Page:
If you’d prefer to find inspiration from the stories of others, the news, magazines, and historical events can be fantastic places to start. Even eavesdropping when you’re chilling in your local coffee shop can get your creative mind whirring.
Remember, all stories stem from real life, written by real people, no matter how outlandish they seem.
Remember that You’re Writing a Short Story
Are your creative juices flowing yet? Great! However, keep in mind that the less characters and plot threads, the better.
As we’ve already discussed, short stories have a limited word count, so always have that at the forefront of your mind, and don’t go overboard with multiple character arcs and story lines.
2. Crafting Your Characters
While we’re on the subject of characters, let’s go onto character development within your short story.
The advantage of having minimal character in a short story is that you can fully explore who they are and how they interact with the world around them. A protagonist and antagonist should be all you’d need, plus one or two secondary characters.
The protagonist is the character who drives the plot. They could be a hero in pursuit of the greater good, for example. Most importantly, the protagonist must be someone who the reader can root for.
The antagonist opposes the protagonist and their goals. They usually hinder the protagonist’s journey, providing obstacles along the way.
When you’re first exploring your characters, create a profile for each of them. A fact file that tells you all you need to know about them. Now, the key here is that you don’t reveal all this information in the story. These facts are useful tools for you as a writer to work out why a character may react in a certain way and their tastes.
Crucially, your characters need to develop throughout the story. For example, the protagonist must begin with a motivation that they spend the entire story trying to fulfill. Obstacles then appear in their way, perhaps through the setting or the actions of the antagonist.
At the end of the story, the protagonist will have gone through a significant change, triggered by the journey they’ve been on.
The reader must care about the protagonist’s journey and be intrigued to find out if they’re successful in fulfilling their goals. But how do we create memorable, likeable characters that a reader would love?
How to Create Memorable Characters
We’ve mentioned that a character needs to be likeable, but what does that actually mean? For a character to be likeable, they need to embody positive traits such as compassion, humility, generosity, and kindness. Your job as a writer is to show these traits as quickly as possible when the story starts.
It could be a brief moment where your protagonist showcases a kind gesture or word towards a minor character, for example.
As well as liking the character, the reader also needs to relate to them on a human level. We all have fears and worries in our lives, so it makes sense for our characters to have them too, and for them to be visible to a reader. No one is perfect, so a character flaw is also important to remember. What do they need to learn and overcome in order to reach the end of their journey?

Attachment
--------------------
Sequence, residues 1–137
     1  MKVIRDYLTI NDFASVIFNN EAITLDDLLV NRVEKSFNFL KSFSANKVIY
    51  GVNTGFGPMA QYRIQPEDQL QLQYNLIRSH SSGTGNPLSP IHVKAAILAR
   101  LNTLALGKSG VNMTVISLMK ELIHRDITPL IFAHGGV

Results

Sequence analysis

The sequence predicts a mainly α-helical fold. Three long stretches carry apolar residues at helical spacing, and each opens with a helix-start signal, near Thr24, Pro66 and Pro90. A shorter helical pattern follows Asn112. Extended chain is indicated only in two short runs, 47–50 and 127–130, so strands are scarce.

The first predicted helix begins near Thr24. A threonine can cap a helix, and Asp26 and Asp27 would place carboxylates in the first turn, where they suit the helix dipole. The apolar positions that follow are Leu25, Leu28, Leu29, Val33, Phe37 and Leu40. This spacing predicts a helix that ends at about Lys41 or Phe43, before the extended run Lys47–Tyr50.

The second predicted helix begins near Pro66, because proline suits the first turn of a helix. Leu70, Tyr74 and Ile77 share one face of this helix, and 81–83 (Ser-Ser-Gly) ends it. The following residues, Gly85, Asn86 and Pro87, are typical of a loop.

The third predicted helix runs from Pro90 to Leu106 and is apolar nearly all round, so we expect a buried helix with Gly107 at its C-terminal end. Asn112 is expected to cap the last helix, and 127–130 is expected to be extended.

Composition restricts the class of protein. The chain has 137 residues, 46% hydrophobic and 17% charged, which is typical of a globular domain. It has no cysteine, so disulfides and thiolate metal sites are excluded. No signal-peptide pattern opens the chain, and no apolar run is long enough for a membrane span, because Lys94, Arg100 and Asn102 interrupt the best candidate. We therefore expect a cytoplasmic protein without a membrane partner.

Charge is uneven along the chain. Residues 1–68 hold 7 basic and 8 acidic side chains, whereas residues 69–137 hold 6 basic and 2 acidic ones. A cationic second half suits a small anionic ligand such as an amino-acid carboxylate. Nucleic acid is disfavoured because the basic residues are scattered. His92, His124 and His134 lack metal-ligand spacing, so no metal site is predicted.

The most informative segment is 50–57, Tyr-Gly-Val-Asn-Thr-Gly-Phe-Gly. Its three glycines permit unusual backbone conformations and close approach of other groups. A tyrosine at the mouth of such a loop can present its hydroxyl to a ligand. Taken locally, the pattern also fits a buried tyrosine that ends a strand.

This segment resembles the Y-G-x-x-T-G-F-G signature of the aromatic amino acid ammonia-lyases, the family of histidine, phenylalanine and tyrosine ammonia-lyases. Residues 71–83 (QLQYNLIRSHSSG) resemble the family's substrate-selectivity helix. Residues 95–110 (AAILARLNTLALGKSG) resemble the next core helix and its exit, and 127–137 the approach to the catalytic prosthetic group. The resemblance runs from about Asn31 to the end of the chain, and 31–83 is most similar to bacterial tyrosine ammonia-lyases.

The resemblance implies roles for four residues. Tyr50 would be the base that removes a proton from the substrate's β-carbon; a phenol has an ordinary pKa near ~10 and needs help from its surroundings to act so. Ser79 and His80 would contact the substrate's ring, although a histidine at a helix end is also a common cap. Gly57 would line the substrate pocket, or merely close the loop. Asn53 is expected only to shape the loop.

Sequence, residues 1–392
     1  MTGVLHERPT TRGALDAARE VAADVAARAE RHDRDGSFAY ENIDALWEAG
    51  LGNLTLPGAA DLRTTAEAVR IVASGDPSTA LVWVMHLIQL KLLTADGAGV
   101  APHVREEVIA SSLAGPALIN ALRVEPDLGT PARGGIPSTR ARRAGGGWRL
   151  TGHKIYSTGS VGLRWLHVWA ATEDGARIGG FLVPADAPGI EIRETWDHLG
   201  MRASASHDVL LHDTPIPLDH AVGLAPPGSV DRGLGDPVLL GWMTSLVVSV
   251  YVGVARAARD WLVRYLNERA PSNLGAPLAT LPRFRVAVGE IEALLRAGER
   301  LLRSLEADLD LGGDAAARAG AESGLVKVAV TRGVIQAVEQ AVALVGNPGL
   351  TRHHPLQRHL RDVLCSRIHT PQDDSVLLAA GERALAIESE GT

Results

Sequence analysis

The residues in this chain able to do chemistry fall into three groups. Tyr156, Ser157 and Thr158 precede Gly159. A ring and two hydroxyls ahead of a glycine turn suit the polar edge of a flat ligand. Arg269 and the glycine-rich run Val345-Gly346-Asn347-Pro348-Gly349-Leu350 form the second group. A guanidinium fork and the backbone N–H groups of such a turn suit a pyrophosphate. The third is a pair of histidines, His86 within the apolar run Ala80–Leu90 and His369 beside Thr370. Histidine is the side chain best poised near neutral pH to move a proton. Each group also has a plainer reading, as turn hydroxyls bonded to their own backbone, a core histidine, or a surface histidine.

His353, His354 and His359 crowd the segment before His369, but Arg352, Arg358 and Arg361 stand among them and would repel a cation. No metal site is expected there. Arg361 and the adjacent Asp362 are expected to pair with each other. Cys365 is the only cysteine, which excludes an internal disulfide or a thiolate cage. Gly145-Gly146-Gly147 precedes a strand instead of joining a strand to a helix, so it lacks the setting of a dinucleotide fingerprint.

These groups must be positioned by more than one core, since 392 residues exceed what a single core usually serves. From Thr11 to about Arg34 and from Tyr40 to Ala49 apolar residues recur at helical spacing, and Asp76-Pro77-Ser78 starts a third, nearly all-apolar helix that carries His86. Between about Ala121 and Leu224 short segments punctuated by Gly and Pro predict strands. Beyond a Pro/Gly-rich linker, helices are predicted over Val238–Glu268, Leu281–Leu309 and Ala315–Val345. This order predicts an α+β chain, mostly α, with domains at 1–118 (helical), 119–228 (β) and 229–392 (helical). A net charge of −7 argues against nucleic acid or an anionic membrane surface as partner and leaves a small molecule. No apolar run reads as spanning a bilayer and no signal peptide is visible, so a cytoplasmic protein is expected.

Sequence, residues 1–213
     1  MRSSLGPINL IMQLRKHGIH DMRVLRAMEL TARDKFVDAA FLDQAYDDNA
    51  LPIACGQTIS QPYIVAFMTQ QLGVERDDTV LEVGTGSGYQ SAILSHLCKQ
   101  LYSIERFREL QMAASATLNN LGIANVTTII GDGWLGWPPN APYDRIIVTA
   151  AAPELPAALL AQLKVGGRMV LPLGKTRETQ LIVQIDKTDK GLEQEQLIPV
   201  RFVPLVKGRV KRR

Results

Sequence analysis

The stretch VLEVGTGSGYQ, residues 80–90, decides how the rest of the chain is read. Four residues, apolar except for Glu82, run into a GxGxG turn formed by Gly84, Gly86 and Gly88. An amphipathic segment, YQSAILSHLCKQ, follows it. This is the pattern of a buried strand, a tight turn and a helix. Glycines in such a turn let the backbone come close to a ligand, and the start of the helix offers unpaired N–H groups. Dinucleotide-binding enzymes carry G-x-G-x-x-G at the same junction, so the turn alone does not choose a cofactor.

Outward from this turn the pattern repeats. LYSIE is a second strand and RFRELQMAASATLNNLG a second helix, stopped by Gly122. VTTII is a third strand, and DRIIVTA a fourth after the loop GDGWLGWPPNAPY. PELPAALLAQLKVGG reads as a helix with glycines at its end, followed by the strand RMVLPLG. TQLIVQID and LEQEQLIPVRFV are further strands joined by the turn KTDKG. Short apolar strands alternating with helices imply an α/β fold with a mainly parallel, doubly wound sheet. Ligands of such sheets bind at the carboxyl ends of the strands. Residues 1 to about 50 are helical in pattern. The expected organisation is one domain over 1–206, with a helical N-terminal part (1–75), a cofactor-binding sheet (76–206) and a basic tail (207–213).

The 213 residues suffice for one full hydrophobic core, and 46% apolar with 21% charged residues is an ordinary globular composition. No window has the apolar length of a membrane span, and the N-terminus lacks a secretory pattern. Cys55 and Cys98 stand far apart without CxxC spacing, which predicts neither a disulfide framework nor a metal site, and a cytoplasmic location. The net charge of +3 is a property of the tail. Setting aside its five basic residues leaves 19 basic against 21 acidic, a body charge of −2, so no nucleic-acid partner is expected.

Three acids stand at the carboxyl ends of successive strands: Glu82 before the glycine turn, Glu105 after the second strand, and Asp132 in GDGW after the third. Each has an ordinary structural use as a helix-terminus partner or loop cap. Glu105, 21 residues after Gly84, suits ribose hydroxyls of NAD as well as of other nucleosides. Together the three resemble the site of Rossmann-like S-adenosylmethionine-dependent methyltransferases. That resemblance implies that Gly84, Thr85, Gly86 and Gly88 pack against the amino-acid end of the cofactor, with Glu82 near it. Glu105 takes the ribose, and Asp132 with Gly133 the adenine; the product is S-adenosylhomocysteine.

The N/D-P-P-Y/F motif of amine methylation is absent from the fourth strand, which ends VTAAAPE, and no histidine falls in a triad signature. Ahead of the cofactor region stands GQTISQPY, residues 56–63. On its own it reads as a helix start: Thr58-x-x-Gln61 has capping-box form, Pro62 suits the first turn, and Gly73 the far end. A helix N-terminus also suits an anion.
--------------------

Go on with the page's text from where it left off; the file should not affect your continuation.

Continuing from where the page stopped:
Additionally, you’ll need to challenge the reader with your protagonist; they don’t always have to agree with everything the protagonist does on their journey. Take Dexter Morgan from the TV show Dexter. He’s a protagonist who murders other murderers who have escaped justice with an intense urge to kill.
With a successful TV show like this, the protagonist is indeed likeable despite his pursuit of delivering justice, even if it isn’t in line with US law and justice system practices.
The writers have Dexter fall in love, fear losing those he loves, and struggle to curb his urge to kill. His determination and battle to lead a normal life is inherently human. Therefore an audience relates to him despite his actions challenging their moral code.
Once again, stealing from real life is an effective way to determine memorable and well-rounded characters. Think of someone in your own life who has had a huge impact on you.
Consider their personality. What are their flaws and struggles? What are their goals? You may not want to use their whole personality, but you can of course take elements and craft them into your own character.
Before you start writing, also work out whether your protagonist will learn a lesson from their journey. Are they going to be redeemed, or do they come to a particular realization about themselves or the world, or do they not change at all, learning nothing from their experiences?
By having a clear understanding of the conclusion your protagonist will come to, it’ll make crafting the plot points leading to it much easier.
Developing Realistic Dialogue
How your characters express themselves and their personalities is just as important as the personality itself. Every character should have a unique voice that gives the reader insight into who they are and the world they live in.